Ongoing History of New Music

The Ongoing History of New Music, episode 997: The endless battle of music vs. tech

In the mid-15th century, France was rules by Louis XI, otherwise known as “Louis the Prudent.” But he was always known as “Louis the Cunning” and “The Universal Spider” because he was always spinning plots and looking for conspiracies. When it came to dissent and wars, he was a brutal sort.

Being a despot is hard work and sometimes you need cheering up. That’s why he challenged Abbe de Baigne, a builder of things, to create a brand new musical instrument for his amusement.

The result was the Piganino, a keyboard that required a series of pigs of varying sizes. Each was laid out on a flat surface, smallest to largest. Above the hind end of each pig was a spike connected to a piano-like keyboard. By pressing a key, the corresponding pig would be spiked, resulting in an oink of a certain note. It was thus possible to play a tune by poking the pigs.

It didn’t sound very good, but it worked and Louis XI found it very funny. The pigs probably did not.

Music and technology have always had an interesting relationship. Sometimes it’s harmonious and wonderful. Other times—like with the Piganino—there’s a hideous clash. However, the Piganino, invented 600 years ago, was the forerunner of future music-related technologies like sampling, sequencing, and synthesis. The tech—or at least some of the concepts—would eventually win out.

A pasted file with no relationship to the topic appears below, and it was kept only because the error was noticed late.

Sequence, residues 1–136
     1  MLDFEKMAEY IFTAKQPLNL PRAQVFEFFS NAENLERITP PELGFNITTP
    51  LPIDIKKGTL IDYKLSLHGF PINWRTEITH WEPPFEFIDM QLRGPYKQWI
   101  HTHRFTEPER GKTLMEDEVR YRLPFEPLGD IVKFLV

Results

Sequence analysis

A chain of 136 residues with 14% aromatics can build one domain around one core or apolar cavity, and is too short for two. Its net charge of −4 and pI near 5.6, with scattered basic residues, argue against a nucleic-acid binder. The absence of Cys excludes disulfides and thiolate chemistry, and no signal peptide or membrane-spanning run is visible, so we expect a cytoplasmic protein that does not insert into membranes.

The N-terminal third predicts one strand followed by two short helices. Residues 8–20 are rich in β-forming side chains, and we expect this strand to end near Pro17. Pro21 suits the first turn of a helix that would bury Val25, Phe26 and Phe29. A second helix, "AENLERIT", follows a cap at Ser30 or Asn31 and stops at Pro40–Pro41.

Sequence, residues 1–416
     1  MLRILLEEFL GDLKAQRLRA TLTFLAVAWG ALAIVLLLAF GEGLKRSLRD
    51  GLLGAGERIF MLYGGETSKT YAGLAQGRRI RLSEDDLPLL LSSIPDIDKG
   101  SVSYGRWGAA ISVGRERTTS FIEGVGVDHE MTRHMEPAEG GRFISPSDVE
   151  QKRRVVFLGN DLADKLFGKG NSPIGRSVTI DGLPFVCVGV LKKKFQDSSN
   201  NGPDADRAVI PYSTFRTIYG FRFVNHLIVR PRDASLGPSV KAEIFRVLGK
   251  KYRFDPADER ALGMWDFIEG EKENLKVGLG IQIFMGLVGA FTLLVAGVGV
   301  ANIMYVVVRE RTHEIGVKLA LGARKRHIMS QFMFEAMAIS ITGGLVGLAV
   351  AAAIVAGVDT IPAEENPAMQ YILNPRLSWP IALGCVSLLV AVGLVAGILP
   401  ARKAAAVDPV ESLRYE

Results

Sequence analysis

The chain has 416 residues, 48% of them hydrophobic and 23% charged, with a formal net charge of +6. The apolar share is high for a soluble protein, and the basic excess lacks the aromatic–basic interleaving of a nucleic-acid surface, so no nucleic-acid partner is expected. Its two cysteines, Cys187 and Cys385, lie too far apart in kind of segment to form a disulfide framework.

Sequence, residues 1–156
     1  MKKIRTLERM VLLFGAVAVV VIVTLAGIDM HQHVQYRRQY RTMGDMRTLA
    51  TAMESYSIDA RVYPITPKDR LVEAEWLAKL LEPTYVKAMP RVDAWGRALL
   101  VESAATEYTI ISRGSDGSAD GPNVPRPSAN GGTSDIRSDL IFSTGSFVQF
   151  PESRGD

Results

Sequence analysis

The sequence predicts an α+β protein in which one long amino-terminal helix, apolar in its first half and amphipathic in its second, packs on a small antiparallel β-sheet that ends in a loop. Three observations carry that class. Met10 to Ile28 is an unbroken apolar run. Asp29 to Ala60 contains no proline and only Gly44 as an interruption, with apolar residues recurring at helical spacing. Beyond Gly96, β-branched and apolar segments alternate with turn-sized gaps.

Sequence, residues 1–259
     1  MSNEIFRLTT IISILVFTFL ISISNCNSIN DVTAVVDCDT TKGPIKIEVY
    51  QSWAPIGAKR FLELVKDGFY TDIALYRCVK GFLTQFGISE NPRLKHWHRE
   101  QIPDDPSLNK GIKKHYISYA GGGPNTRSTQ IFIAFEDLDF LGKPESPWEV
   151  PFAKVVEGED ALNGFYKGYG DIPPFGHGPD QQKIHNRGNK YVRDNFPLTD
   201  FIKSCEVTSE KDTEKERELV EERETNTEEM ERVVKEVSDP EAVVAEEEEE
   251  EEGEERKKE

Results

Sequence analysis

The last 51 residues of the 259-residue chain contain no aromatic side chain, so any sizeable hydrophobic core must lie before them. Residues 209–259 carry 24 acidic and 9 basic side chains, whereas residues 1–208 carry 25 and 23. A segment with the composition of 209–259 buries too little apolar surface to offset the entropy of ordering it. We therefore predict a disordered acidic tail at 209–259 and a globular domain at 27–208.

If we step back and look at the history of science, math, and engineering and the practice of creating the art music, we’ll see that every time the two intersect, technology almost always comes out the winner. And that’s okay.

Something that seems radical, evil, transgressive, impure, and corrupting turns out to be a pretty good deal and music is the better for it.

Here are some stories about the clashes between tech and music. I’ll lay out the facts and you decide if these were good things or bad.

Songs heard on this show:

  • Kraftwerk, We Are the Robots
  • David Bowie, Ziggy Stardust (Peel Session)
  • Elvis Costello, Radio Radio
  • Depeche Mode, Just Can’t Get Enough
  • Big Audio Dynamite, E=MC2
  • Beastie Boys, Hey Ladies
  • David Bowie, Ashes to Ashes
  • Imagine Dragons, Believer

Eric Wilhite has a playlist for us.

The Ongoing History of New Music can be heard on the following stations:

Alan Cross

is an internationally known broadcaster, interviewer, writer, consultant, blogger and speaker. In his 40+ years in the music business, Alan has interviewed the biggest names in rock, from David Bowie and U2 to Pearl Jam and the Foo Fighters. He’s also known as a musicologist and documentarian through programs like The Ongoing History of New Music.

Alan Cross has 38464 posts and counting. See all posts by Alan Cross

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